The current movement toward conservation tillage seems to fit right in with two other farming industry trends--pinching pennies and protecting the environment.
“Conservation tillage is any cropland system that leaves at least one-third of the soil covered with crop residue after planting,” according to the Conservation Technology Information Center in West Lafayette, Ind.
The two primary types of conservation tillage are no-till and strip-till, also called zone-till, says Jeff Mitchell, cooperative Extension cropping systems specialist at the Westside Research and Extension Center in Five Points, Calif.
With the no-till method, growers do no tilling from the time they pick one crop until they plant or transplant the next crop into the unworked soil.
With the strip- or zone-till method, growers typically clear an 8- to 12-inch strip of soil and loosen the dirt to a depth of 2 to 14 inches before planting.
Conservation tillage helps reduce labor, fuel and equipment costs compared with conventional tilling, where farmers till their entire fields, he says.
Other growers practice reduced till—a broader term defined by Cornell University’s horticulture department as “a method of tillage in which the soil has been disturbed to a lesser extent relative to the conventional tillage.”
That reduction can be achieved by making fewer passes with tillage equipment or by tilling less land.
From an environmental standpoint, the less tilling you do, the less soil is disturbed and less dust is generated, Mitchell says. Some growers say the quality of the soil is enhanced, and there is less need to irrigate.
In California, some form of conservation tillage is used for 20 percent of dairy silage production, Mitchell says. The practice is even more prevalent in the Midwest.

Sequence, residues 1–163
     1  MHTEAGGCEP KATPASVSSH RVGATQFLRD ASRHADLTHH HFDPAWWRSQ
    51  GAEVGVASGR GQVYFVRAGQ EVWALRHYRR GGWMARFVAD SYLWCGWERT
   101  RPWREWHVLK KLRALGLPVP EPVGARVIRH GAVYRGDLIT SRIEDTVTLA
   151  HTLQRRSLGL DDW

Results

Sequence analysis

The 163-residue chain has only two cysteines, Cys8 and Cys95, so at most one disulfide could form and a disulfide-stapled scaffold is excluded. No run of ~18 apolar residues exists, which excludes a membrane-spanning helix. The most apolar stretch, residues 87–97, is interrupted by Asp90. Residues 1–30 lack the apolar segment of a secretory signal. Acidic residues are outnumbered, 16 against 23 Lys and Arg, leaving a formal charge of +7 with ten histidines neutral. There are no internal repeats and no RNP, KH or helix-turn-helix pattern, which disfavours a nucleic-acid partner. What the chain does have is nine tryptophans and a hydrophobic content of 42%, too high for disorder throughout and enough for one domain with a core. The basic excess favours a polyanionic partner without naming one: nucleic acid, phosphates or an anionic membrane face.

A rising number of California processing-tomato growers and some fresh-market tomato growers also use a form of minimum tillage, often to avoid damaging drip irrigation tape, Mitchell says.
A handful, including ranch manager Jesse Sanchez at R.A. Sano Farms Inc. in Firebaugh, Calif., go a step further. Sanchez introduced strip-tillage for the company’s fresh and processed tomatoes about six years ago, and he’s glad he did.
“I’ll never go back to conventional,” he says.
He saves 50 percent on groundwork alone compared with conventional tillage and says the soil has become more workable, water penetration is better, the soil responds better to fertilizers and he uses the tractor less.
In Le Roy, N.Y., Donn Branton, owner of Branton Farms, says he saves time and money and does a better job producing his 1,300 acres of corn, peas, dry beans and other commodities since he switched to reduced-tillage production in 1996.
Although he had to buy $12,000 worth of attachments for his 12-row planter when he switched from conventional tillage, his cost savings have been significant.
Branton has cut his fuel use in half and reduced labor from three full-time workers and one part-timer to two full-time workers and a part-timer.
Yields increased more than 20 percent for some commodities, and the quality of the soil improved because the earthworm population increased.
However, there was an increase in weeds, especially perennials such as milkweed and dandelions, because reduced tillage creates a favorable growth habitat, he says.
To fight the weeds, Branton found that applying herbicides in the fall when the plant nutrients are moving into the roots is more effective than in the spring when they are moving from the roots into the leaves.